In problem 6, part 6.5 of the 2020 IChO (PDF), a thermodynamic cycle is given for “one mole of monoatomic perfect gas”:

  • $\mathrm{A \to B}$; isothermal reversible expansion receiving $\pu{250 J}$ by heat transfer $(q_H)$ at a temperature of $\pu{1000 K}$ $(T_H)$ from a hot source.
  • $\mathrm{B \to D}$; reversible adiabatic expansion.
  • $\mathrm{D \to C}$; isothermal reversible compression at a temperature of $\pu{300 K}$ $(T_C)$ releasing some amount of heat $(q_C)$ to a cold sink.
  • $\mathrm{C \to A}$; reversible adiabatic compression.

pressure vs volume graphical representation of thermodynamic cycle

6.5 Calculate the entropy change $(\Delta S)$ for $\mathrm{A \to B}$ and $\mathrm{D \to C}$ processes in the heat engine in terms of $\pu{J K^-1}.$

To my understanding, the answer should be $\pu{0 J}$ for both steps since $\Delta G = 0$ for any reversible process, which $\mathrm{A \to B}$ and $\mathrm{D \to C}$ are. But the solution below gives non-zero values of $\Delta G.$ $ΔS$ for both steps was calculated in previous parts, $\pu{+0.25 J}$ for $\mathrm{A \to B},$ $\pu{-0.25 J}$ for $\mathrm{D \to C}.$ What is wrong with my reasoning here?

$$\Delta G = \Delta H - T\,\Delta S,\tag{1}$$

but $\Delta H = 0$ for an isothermal process, so

$$\Delta G = - T\,\Delta S.\tag{2}$$

$$ \begin{align} \Delta G_\mathrm{A \to B} &= \pu{-0.25 J K^-1}\times\pu{1000 K} = \pu{-250 J}\tag{3}\\ \Delta G_\mathrm{D \to C} &= \pu{0.25 J K^-1}\times\pu{300 K} = \pu{75 J}\tag{4} \end{align} $$

  • $\begingroup$ From what I've learnt in high school, the formula for entropy change is $\int\frac{dQ}{T}$. Here T is constant in the two processes asked for, so it simply becomes $\frac{\Delta Q}{T}$. I've never done entropy calculations with Gibbs free energy so far... that's probably just my inexperience, but then IChO is meant for high school students $\endgroup$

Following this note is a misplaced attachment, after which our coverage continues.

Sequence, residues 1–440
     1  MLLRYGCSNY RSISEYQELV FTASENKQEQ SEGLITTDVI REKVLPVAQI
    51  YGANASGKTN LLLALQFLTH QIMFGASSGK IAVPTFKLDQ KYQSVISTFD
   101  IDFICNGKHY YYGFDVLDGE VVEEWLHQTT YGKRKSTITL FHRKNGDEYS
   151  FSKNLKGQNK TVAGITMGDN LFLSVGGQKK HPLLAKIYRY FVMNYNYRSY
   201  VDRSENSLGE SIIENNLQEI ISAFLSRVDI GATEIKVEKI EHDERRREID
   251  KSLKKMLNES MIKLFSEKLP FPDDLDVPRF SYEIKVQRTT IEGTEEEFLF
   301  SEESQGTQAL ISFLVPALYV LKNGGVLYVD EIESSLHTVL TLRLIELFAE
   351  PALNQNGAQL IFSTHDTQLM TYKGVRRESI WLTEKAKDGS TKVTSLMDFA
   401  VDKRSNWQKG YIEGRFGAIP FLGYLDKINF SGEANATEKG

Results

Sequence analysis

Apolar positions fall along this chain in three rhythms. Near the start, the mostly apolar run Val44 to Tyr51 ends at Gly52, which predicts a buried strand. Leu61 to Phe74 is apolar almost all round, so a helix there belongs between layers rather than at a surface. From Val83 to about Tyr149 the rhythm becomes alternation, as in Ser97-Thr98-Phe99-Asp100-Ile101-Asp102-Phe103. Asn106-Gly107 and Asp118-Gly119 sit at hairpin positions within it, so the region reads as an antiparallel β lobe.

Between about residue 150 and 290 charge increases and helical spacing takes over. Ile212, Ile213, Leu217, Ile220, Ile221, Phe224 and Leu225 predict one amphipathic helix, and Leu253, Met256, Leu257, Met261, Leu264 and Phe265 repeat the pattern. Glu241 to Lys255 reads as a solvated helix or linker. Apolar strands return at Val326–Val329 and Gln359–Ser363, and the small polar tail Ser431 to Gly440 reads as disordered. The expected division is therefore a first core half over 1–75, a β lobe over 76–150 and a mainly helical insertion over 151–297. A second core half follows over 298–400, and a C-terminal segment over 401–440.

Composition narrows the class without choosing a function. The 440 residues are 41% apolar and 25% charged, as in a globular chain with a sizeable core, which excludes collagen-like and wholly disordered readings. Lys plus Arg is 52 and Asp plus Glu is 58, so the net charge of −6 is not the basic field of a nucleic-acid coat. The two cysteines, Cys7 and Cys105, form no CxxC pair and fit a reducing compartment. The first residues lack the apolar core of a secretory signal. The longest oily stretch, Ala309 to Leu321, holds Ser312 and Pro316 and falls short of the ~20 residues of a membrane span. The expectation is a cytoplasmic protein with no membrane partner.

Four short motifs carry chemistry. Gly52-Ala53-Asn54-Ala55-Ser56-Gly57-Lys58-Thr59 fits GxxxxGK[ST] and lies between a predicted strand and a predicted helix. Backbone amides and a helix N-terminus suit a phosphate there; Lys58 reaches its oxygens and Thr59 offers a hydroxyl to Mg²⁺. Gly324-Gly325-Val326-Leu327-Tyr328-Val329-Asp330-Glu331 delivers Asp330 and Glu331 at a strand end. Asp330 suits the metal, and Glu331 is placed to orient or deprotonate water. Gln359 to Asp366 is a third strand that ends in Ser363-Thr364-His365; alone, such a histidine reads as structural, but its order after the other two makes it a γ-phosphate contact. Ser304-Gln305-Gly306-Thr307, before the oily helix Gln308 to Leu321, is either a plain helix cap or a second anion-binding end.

– TRC
    Commented Aug 25, 2021 at 5:22
  • 2
    $\begingroup$ $\Delta G=0$ for process at equilibrium NOT for reversible process. $\endgroup$
    – Jay
    Commented Aug 25, 2021 at 5:34
  • $\begingroup$ @Jay The working fluid experiences a closed cycle, so of course $\Delta G=0$, since G is a function of state. $\endgroup$ Commented Aug 25, 2021 at 11:06
  • $\begingroup$ The reason the calculation is wrong is that the heat removed at the cold reservoir is not 250 J. It is something less than this. $\endgroup$ Commented Aug 25, 2021 at 11:09

1 Answer 1


The cycle shown is a classic reversible Carnot cycle. An intuitive reason for the change in Gibbs free energy not being equal to zero for such a step is that the pressure is not constant: the internal and external pressure are throughout in equilibrium, but since $p_\mathrm{ext} = p = nRT/V = \mathrm{constant}/V$, $p$ is not constant. A condition for applying $\Delta G$ as a criterion of spontaneity (reversibility) is that the pressure is constant.

In fact you can show (by extension of the calculations show below) that the free energy change is equal to the expansion or compression work done in that step: $$\Delta G_\mathrm{isothermal} = w$$ as follows.

Computing the entropy changes for the isothermal steps from the heats is straightforward using the first law of thermodynamics, since

  • for an ideal gas undergoing an isothermal expansion or compression $\Delta U=0$ so that $w=-q$
  • for a reversible isothermal process $q=T \Delta S$

such that we can compute

  • for the first step, $\Delta S = \frac{\pu{250 J}}{\pu{1000 K}} = \pu{0.250 J K-1}$

For the second isothermal step ($D\rightarrow C$) we use the fact that the total entropy change for the system, given that it is a cyclic process, is $\Delta S = 0$, therefore

  • for the second isothermal step, $\Delta S_\mathrm{DC} = - \Delta S_\mathrm{AB} = \pu{-0.250 J K-1}$

Regarding now the free energy computation, you would use (sure enough) $$\Delta G_\mathrm{isothermal} = \Delta H_\mathrm{isothermal} - T \Delta S_\mathrm{isothermal} = - T \Delta S_\mathrm{isothermal}=-q=w$$

since $\Delta H_\mathrm{isothermal}=0$ for such a process.

  • 2
    $\begingroup$ It maybe of interest to note that, in this case, the efficiency of the engine is given as $\frac{\Delta G}{q_{in} }$ that is ratio of the gibbs free energy by the heat put into the sytem $\endgroup$
    – Babu
    Commented Aug 25, 2021 at 12:54

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